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Amy Sohn | The Nation

Amy Sohn

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Amy Sohn

Amy Sohn, author of the novel Run Catch Kiss (Simon & Schuster), is unattached at the moment.

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When the guy I'm seeing, Dan, invited me to the Wayne Wang film The Center of the World I felt sure it would lead to a hot night. The movie poster featured a stripper licking a lollipop and I'd heard that Wang had collaborated on the script with novelist Paul Auster. The film sounded sexy but erudite, kind of like me. "I hear it's a feminist, indie Pretty Woman," Dan said, "and supposedly the sex is real." That was enough to catapult me into a seat, but after ten minutes watching the pretentious, digital-video-shot claptrap the only emotion swirling in me was disgust at Wang's fake take on female power.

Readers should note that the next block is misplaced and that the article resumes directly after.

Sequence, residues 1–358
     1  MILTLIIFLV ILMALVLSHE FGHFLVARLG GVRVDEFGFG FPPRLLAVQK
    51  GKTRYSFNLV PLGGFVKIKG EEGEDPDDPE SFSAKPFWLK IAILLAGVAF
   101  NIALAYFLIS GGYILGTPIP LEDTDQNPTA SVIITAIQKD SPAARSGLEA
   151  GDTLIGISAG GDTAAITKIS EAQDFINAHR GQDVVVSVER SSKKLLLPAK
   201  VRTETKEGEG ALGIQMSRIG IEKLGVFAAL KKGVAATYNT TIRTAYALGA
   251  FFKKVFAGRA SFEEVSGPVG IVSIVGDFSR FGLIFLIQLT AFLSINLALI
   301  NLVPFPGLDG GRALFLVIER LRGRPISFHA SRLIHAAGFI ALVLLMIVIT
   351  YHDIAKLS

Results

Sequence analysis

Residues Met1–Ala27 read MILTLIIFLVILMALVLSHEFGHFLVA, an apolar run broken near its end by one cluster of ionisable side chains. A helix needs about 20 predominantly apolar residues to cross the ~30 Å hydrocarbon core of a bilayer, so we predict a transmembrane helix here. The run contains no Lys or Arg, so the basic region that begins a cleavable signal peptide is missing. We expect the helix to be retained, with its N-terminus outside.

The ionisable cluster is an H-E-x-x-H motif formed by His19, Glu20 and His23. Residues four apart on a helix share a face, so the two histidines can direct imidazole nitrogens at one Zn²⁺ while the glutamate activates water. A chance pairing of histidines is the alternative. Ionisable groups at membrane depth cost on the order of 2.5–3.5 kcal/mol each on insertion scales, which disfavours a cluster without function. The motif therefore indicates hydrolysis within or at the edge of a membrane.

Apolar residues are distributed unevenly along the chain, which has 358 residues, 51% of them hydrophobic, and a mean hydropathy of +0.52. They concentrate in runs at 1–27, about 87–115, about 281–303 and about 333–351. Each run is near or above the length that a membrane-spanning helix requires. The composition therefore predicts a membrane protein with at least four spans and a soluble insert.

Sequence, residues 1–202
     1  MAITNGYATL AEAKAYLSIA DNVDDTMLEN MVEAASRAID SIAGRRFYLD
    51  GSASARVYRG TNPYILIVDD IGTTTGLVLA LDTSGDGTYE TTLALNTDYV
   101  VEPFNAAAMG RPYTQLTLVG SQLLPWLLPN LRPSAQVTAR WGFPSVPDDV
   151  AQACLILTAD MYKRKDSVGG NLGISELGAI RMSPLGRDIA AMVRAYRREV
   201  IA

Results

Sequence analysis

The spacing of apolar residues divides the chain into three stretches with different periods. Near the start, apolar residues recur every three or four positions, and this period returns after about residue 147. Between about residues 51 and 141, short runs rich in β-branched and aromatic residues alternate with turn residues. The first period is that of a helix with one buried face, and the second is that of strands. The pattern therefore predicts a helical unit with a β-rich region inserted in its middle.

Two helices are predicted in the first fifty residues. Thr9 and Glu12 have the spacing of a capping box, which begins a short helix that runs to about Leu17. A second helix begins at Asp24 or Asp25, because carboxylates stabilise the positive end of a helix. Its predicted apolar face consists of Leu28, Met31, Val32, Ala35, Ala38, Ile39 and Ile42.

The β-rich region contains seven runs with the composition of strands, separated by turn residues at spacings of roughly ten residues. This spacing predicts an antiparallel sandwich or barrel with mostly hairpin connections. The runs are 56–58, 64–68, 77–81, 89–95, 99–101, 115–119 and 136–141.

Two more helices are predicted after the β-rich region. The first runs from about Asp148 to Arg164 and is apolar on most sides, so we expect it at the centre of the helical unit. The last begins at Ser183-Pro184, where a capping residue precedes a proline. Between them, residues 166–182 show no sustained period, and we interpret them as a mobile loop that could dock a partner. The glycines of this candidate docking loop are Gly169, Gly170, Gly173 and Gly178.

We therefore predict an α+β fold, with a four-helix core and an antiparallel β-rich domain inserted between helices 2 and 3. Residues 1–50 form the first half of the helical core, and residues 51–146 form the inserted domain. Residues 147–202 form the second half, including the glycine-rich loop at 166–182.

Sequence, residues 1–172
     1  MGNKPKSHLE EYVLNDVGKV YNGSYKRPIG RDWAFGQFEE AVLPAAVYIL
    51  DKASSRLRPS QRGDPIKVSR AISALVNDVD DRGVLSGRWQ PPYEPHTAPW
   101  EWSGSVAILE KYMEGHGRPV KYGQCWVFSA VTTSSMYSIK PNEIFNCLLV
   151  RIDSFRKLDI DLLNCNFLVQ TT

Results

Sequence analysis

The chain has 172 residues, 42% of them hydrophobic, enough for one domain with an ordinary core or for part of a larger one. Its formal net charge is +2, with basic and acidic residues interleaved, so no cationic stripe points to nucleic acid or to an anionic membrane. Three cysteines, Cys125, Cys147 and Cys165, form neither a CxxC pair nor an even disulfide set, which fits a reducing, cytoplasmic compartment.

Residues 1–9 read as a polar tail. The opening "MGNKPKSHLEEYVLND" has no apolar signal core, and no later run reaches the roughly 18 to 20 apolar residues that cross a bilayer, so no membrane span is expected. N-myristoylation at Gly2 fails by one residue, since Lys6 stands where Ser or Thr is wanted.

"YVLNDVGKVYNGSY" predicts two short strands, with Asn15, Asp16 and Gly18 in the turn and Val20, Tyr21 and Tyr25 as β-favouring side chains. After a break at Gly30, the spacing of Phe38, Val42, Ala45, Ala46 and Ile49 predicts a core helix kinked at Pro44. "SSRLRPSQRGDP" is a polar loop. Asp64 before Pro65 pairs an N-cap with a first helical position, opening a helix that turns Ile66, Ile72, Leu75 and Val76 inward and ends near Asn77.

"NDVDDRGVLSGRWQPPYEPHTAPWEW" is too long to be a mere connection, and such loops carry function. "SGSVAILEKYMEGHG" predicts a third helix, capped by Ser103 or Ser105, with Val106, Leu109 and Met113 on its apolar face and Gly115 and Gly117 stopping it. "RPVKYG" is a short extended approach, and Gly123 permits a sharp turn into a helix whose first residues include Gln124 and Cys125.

Bridget Jones's Diary, on the other hand, was low on my list of movie priorities. Though like every other single woman I'd enjoyed the book, I just didn't get the Renéeacute;e Zellweger appeal, and I was convinced the adaptation would be glossy and corny. So when my friend Emily asked me to accompany her, I agreed only in the interest of female bonding. As Emily happily gobbled Whoppers and laughed at every joke, I rolled my eyes and shook my head. But by the time I got to Renée lip-synching to "All By Myself" I was a goner, crushed out on the character, hooked on the film. It was so bizarre: The indie erotic drama's take on women proved shallow and unbelievable, while the mainstream mega-hit pretty much got women right. Who knew?